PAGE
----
Friday, February 24, 2012

Make Mine Virginia Wine

Gearhart's Criolla chocolates were the perfect ending
Last night, we had the pleasure of attending the 2012 Virgina Wineries Governor's Cup Gala where the top 12 scoring Virginia wines, based on a brand spanking new highly rigorous judging system, vied for the top spot at what now has become one of the most "stringent and thorough wine competitions in the United States", according to a press release distributed by the Office of Governor Bob McDonnell.
The 12 finalists selected from a pool of more than 400 entries were:

Bluestone Vineyard 2010 Cabernet Sauvignon
Delfosse Vineyards & Winery 2007 Meritage Blend
Jefferson Vineyards 2010 Cabernet Franc
Keswick Vineyards 2009 Reserve Cabernet Sauvignon
Glen Manor 2009 Hodder Hill Meritage
Keswick Vineyards 2010 Merlot
King Family Vineyards 2008 Meritage Blend
Potomac Point Winery 2009 Heritage Reserve Meritage Blend
Tarara Winery 2010 Honah Lee White Vinifera Blend
Trump Winery 2008 Kluge SP Blanc de Blanc Sparkling
Veritas 2010 Vintner's Reserve Meritage Blend
White Hall Vineyards 2010 Gewurztraminer

Ultimately, the Governor's Cup would be awarded to Glen Manor Vineyards 2009 Hodder Hill Meritage, a blend of 63% Cabernet Sauvignon, 25% Merlot, 6% Cabernet Franc and 6% Petit Verdot.
Jeff White, Glen Manor's Winemaker & 4th generation VA farmer

There were plenty of other standout wines at the event as well including a particularly lovely King Family 2008 Meritage served up by winemaker Matthieu Finot (sporting a rather dapper mini-handle bar mustache) along with a 2010 Veritas Vintner's Reserve which truly captured the essence of what makes Virginia's Bordeaux-style blends so outstandingly good.
One of my personal favorites was the 2010 White Hall Gewurztraminer an Alsatian-style wine made from a blend of Gewurztraminer, Muscat, Petit Manseng and Viognier grapes. All that was missing was a big plate of shrimp Vindaloo, some channa masala and a couple of pieces of hot Tandoori naan.

Conspicuously absent from the final 12 that made the Governor's Cup Case was Barboursville Vineyards 2008 Cab Franc Reserve, which was recently awarded "Best in Class" at the San Francisco Chronicle Wine Competition, the wine world's largest competition of American wines, yet only received a silver medal at the 2012 Governor's Cup, which ultimately edged this nationally recognized wine out of the finals.

Conspicuously present was the grand dame herself, Patricia Kluge, who was there to pour Trump Winery's 2008 Kluge SP Blanc de Blanc Sparkling along with her signature brandy infused Chardonnay simply named Cru.
In the end a good time was had by all, yet most importantly, I was once again reminded of how truly outstanding Virginia wines are and how far the industry has come. As of 2012, Virginia now has 220 wineries and is ranked 5th in U.S. for total wine grape production. Just recently, Virginia was listed as one of the top 10 wine travel destinations in the world for 2012 according to Wine Enthusiast Magazine, so if you're not getting out there and sucking down some local juice, you are really missing out because some of the best stuff in the world is being produced right in your own backyard. With this in mind, March is about a become a big month for Virginia wines as it has been officially declared as Virginia Wine and Dine Month with hundreds of participating wine shops and restaurants offering special tasting menus featuring local wines.

Finally, don't forget today kicks off a long weekend of Virginia wine tasting at the Virginia Wine Expo at the Convention Center. Over 70 wineries will be present along with a bevy wine and food pairing demo's, gourmet lunches and food tastings. This is a not-to-be-missed event.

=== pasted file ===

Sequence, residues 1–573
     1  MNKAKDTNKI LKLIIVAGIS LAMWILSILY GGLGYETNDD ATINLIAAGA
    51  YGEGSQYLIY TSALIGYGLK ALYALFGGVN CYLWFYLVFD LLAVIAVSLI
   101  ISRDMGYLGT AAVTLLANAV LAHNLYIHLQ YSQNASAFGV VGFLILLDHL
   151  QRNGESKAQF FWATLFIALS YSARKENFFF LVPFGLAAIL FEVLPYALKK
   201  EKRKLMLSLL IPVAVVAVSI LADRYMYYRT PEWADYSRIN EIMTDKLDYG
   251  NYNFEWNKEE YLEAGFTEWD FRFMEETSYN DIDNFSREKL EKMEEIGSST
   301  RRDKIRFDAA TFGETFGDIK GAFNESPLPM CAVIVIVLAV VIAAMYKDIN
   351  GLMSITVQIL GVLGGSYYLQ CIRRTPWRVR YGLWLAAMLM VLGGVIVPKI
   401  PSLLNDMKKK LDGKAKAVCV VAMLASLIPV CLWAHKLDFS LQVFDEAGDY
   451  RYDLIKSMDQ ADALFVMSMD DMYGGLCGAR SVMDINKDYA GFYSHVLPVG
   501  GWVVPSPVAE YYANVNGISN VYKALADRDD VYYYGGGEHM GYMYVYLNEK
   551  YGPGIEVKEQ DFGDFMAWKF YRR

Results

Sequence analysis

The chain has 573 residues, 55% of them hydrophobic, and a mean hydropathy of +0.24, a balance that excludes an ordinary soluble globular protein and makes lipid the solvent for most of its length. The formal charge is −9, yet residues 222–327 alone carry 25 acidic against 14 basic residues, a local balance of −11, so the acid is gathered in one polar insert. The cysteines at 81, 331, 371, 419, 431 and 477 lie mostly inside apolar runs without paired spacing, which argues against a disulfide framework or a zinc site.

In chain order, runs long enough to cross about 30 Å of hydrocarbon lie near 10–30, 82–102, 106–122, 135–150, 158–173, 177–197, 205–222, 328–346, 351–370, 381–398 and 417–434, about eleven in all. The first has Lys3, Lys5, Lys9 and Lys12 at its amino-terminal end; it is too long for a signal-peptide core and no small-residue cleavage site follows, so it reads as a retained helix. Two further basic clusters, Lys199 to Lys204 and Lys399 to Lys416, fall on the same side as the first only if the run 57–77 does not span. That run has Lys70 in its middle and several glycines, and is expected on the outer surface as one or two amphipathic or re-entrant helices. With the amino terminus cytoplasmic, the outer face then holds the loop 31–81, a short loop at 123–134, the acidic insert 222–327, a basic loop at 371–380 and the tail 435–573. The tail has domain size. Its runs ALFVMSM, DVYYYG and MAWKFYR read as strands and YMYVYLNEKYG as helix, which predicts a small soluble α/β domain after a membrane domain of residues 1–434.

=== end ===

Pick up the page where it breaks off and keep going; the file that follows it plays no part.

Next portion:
Pin It Now!

Friday, February 17, 2012

Exciting News: I'm Going to Be Cooking on TV

Image courtesy of Virginia Dept. of Agriculture
Yes, it's true, and dang-it, I am so excited I'm about to blast-off. As some of you may know, I had a pretty big setback this past month when my cookbook proposal, which I spent many months working on, was rejected at the last minute. Since then, in addition to doing quite a bit of pouting and moping around, I've been keeping my eyes peeled for interesting opportunities because I refuse to give up on the dream.

Well, someone upstairs must have be looking out for me, because about a week ago an email arrived in my inbox from a producer asking me if I was interesting in coming on to host a few cooking segments for "The Heart of the Home" which is part of the show, "Real Virginia" created by the The Virginia Farm Bureau which profiles local farmers, foods and purveyor's all across the Commonwealth. In a nutshell, this is a program that is all about Virginia grown, buying local and supporting Virginia's farmers. What could be cooler?

Currently, "Real Virginia" airs on Dish, DirectTV, and many independent cable operators throughout the state. It's a show that has been in production for over ten years with Sherri McKinney as lead host, Mark Viette as the garden expert, and one of my favorite people, Chef John Maxwell (a.k.a. Chef Maxwell's Kitchen), serving as culinary expert and cooking segment host. However, Chef Maxwell has since taken a position at a culinary school in Florida.

Words cannot express how excited I am about this opportunity, not only because it will get me out of my rejection rut, but because I'll have the opportunity to actively promote and support Virginia growers and purveyors.

Keep an eye out here for more...much, much more. I'll be sharing great recipes that celebrate local food, wine, cheeses and other Virginia products. I'll also be posting links to view the show online (along with my cooking segments). Shooting begins next week, and the first episode should be up and running in March.

I hope you'll watch!

Pin It Now!

Thursday, February 9, 2012

Peter Chang Descends on Richmond

Peter Chang's lamb chops with *cough* a few dried red chili peppers.